What Does It Look Like to Step Out in Faith? [Peter and Faith, part 4]

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“Lord, if it’s you,” Peter replied, “tell me to come to you on the water.”

“Come,” he said.

Then Peter got down out of the boat. (Matthew 14:28-29)

Peter’s faith leads him to risk stepping out of the boat. He actually steps out in faith to follow Jesus onto the waters in the midst of the waves and wind. Peter shows us what faith looks like. He hasn’t waited for someday. He’s looked and listened for Jesus. And he steps out.

Philippe Petit, a French acrobat and high-wire artist, knows what it means to risk stepping out. In the early 1970s, he heard about the construction of the twin towers of the World Trade Center in New York. When he saw a picture of their design, it was like he heard a voice calling him to do something startling and risky.

The 2008 documentary, Man on Wire, tells the story of how, after six years of planning, on August 7th, 1974, Petit and his friends secretly rode a freight elevator 104 stories up into the newly constructed twin towers of the World Trade Center. After stretching a ¾” metal cable across the 200 foot span between the towers, Petit illegally stepped out for a high wire act like no other. With the winds blowing, Philippe Petit was 110 stories—a quarter of a mile—above the sidewalks of Manhattan. 

Man on Wire

He walked the wire for 45 minutes, making eight crossings between the towers. He sat on the wire, gave knee salutes and, while lying on the wire, spoke with a gull circling above his head. After this spell-binding display, Petit was arrested, taken for psychological evaluation, and brought to jail before he was finally released.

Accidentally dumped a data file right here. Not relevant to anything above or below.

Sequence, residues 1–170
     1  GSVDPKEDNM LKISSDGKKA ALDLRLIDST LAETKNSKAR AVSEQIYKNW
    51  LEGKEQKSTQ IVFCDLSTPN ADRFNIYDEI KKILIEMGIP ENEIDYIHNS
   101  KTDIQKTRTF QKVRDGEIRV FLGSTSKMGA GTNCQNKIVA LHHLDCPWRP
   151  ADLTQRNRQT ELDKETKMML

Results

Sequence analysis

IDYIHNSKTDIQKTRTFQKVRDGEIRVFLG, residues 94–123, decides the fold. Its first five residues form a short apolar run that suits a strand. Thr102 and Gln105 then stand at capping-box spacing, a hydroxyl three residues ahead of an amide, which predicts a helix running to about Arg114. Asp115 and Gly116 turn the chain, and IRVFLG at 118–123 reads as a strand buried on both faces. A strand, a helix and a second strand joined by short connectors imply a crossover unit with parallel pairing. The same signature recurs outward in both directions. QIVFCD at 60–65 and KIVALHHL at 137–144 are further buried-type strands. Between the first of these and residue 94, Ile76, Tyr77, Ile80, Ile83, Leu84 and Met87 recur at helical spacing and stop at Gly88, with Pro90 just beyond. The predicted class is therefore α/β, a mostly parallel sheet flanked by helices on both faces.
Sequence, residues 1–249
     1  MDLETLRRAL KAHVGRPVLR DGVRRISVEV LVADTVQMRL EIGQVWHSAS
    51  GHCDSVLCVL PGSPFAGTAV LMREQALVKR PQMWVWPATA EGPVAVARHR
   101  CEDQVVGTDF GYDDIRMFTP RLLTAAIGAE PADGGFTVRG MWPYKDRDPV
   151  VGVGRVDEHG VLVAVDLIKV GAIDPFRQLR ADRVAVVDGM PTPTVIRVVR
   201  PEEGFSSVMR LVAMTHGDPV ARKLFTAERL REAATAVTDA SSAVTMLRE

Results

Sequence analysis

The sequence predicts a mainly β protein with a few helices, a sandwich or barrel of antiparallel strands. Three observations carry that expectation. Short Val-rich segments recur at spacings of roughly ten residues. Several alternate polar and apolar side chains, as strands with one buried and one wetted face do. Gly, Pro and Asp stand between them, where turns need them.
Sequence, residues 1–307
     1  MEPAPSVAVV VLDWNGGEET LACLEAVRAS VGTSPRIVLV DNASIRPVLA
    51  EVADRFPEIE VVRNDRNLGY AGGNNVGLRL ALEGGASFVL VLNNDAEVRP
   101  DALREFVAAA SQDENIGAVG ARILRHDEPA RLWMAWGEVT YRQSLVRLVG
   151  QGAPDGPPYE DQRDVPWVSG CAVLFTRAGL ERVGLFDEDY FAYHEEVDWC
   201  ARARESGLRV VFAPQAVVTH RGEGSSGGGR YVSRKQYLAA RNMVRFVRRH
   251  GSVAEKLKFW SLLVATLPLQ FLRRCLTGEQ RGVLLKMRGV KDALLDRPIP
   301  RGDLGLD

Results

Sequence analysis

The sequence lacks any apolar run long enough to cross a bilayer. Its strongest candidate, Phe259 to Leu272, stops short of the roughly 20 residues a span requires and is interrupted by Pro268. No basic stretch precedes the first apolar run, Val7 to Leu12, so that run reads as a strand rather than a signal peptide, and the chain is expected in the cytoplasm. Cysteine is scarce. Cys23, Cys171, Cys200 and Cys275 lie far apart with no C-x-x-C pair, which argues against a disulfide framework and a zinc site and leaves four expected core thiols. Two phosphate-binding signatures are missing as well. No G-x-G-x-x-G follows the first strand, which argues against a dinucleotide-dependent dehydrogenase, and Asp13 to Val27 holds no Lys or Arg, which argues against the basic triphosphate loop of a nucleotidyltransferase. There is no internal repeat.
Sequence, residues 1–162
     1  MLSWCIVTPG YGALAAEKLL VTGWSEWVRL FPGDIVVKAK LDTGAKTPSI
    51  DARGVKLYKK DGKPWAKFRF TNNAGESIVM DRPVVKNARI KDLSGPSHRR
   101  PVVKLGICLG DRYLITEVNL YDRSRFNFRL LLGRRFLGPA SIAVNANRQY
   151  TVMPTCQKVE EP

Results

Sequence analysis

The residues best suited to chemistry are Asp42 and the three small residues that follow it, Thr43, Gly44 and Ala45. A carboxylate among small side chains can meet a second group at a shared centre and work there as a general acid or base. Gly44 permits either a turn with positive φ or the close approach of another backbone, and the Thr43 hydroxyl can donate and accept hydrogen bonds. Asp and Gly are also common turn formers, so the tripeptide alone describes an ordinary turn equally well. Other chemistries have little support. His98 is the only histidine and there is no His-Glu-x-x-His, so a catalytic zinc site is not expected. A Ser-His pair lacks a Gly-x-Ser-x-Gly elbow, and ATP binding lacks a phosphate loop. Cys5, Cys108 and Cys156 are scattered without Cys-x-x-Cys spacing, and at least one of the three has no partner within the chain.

Risky faith looks a bit like that. We hear a voice calling us to action. We respond. And then we step out. It may seem startling and risky, but we will do whatever Jesus says.

How Do We Hear Jesus? [Peter and Faith, part 3]

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“Lord, if it’s you,” Peter replied, “tell me to come to you on the water.”

“Come,” he said.

Then Peter got down out of the boat. (Matthew 14:28-29)

If faith sees Jesus and desires Jesus, how do we really hear from Jesus?

We see that Peters walk of faith comes after he hears Jesus’ invitation to join Him upon the waves. Now that is wondrous to read about but what does that mean for our own lives?

The first aspect of hearing from Jesus is that we ask and wait. Peter does not jump out of the boat before talking with Jesus. Yes, he is bold enough to take the initiative to ask Jesus but Peter is not so foolish to try and walk out there without first hearing Jesus’ invitation. Faith responds to God. Faith hears because God first speaks. Our framework for understanding the dynamics of a living interactive relationship with the Living God through Jesus Christ must always be shaped around the deep truth that God speaks first and our lives are always a response to Him. I had a friend in college who jokingly said that in prayer he told God what to do. Of course, prayer is not really like that, anymore than any important relationship in our life is like that. Prayer is an interaction with God based in a loving relationship of trust by which we hear Him first and respond.

Out of that place, we begin to develop a living relationship with God. Now, many will say that our life with Christ is not like Peter’s interaction here in Matthew 14. This is true in the sense that Peter is talking with the incarnate Jesus upon earth. But it is no less true that we, by the power and presence of the Holy Spirit, can interact with the Living God through Jesus Christ. So, let me invite us to once again renew a living relationship of faith that listens for God. How do we do that? Well, the primary ways are through first and most importantly paying attention to the guidance of Holy Scripture. After that we also hear from God by attuning ourselves to the inward promptings of the Holy Spirit, listening to godly counsel, and paying attention to how God speaks through our circumstances. You may want to read more about this in my earlier post “How Do We Hear from God Today?”